Boston Massacre

Topics: American Revolution, Stamp Act 1765, British Empire Pages: 4 (1449 words) Published: December 4, 2012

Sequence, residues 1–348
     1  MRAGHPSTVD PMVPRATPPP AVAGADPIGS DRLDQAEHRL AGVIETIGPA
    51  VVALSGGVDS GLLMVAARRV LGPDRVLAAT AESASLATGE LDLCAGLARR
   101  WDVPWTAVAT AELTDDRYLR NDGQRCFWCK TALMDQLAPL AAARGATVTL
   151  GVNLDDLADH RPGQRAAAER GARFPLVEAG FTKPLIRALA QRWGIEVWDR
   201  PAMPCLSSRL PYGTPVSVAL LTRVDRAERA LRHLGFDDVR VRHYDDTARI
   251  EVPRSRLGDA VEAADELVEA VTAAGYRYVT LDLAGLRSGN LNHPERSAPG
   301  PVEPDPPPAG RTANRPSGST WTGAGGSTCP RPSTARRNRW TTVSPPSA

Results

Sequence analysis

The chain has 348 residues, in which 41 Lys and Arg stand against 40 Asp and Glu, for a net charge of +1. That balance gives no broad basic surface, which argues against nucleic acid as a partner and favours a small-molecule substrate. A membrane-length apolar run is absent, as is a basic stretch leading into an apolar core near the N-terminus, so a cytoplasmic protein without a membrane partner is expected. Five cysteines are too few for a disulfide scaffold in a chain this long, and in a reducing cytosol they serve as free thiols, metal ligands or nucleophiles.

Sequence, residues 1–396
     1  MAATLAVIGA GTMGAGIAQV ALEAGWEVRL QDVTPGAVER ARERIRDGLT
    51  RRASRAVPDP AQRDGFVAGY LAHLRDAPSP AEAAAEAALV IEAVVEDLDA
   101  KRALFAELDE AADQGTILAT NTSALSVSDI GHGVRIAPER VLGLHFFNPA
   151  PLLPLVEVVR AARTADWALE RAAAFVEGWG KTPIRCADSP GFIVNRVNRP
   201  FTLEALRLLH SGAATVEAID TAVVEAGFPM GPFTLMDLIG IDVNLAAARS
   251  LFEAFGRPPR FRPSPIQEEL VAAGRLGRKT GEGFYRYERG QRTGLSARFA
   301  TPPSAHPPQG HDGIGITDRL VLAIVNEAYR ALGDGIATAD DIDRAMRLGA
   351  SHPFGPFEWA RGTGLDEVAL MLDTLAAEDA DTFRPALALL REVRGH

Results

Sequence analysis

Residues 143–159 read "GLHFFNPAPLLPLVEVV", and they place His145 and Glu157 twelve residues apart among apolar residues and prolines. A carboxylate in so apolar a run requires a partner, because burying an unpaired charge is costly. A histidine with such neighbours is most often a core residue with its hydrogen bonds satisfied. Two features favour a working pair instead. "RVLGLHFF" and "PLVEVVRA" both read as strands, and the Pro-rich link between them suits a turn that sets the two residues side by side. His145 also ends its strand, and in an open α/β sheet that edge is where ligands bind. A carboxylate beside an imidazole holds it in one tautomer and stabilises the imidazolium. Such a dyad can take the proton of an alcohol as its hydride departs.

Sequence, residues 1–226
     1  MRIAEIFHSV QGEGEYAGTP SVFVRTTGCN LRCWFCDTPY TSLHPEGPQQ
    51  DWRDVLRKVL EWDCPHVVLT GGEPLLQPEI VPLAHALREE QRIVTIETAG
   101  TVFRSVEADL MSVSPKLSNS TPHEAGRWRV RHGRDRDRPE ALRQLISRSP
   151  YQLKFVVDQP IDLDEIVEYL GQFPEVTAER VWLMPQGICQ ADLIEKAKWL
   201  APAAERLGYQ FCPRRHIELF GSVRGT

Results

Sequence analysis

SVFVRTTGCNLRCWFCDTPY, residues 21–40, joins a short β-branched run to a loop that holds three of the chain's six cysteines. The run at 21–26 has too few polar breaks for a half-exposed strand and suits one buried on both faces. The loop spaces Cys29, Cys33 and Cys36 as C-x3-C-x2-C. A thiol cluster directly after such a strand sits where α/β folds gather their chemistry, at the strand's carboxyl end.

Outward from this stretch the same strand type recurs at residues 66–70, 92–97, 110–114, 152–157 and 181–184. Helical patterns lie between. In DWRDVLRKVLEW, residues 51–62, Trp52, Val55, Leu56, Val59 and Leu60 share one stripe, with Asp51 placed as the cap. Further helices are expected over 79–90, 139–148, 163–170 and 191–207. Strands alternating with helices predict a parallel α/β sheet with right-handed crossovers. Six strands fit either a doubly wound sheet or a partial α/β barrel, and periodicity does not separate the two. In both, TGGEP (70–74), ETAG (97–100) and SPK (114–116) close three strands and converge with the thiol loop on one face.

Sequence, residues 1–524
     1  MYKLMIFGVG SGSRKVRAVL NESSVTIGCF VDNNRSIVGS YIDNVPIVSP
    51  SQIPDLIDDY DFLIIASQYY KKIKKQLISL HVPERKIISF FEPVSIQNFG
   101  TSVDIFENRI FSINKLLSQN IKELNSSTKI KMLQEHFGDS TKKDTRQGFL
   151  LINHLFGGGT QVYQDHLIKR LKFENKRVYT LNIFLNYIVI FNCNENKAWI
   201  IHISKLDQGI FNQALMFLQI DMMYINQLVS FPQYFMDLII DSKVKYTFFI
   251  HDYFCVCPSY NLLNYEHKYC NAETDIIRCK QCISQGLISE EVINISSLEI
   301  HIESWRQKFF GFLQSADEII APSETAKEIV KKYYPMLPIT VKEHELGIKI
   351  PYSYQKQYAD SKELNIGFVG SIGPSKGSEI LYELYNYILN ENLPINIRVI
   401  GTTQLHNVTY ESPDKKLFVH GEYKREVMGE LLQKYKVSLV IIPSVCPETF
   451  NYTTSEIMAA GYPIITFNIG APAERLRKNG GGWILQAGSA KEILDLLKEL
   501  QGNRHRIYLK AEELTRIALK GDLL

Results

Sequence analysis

Hiller B. Zobel presents a different aspect of the known story of The Boston Massacre. He also included historical research to give more info on why it was caused, why it wasn’t stop, and supports of it. Zobel’s main purpose is to take away the myth, of what really happen on March 5th, 1770, to show it was a mere incident, instead of a pre meditated killing form the British. With that included he gives details on all the intolerable acts, all of which stirred up anger in Boston. Also, the violence that was used by Boston's radical elements to try to counter these acts. Also explains why the British soldiers were in Boston in the first place. Here starts off on explaining the events that happen before the massacre, such as the French and Indian War of which he stated “American enemies were the savages who threatened the western settlements, and thus, incidentally, the investments of the seaboard land speculators” (page 5). As well as the new royal representatives they received after the war such as, Francis Bernard “a roast beef of a man with influential connections, arrived in Boston on August 2, 1760” (page 6) and replacement of Chief Justice Stephen Sewall, Thomas Hutchinson “Hutchinson brought not merely a wide acquaintance with the ways of merchants, but a lifetime of thinking of public problems… Serving his countrymen...solution of those problems” (Page 10). The purpose of this was a mere introduction, as well as a foreshadowing of what the British were going to start on. Chapters three through fifth-teen are all the events right before the Boston Massacre, such as the violence over the Sugar Act duties, and the Stamp Act duties in America. Information gathered about the Stamp Act was included “taxes of up to £10 would have to be paid for pre-stamped paper…papers used in clearing ships from harbors, college diplomas, bonds, and deeds for land,…pamphlets, newspapers” (page 25). The action of the Americans was also stated “in 1764, a rudimentary...
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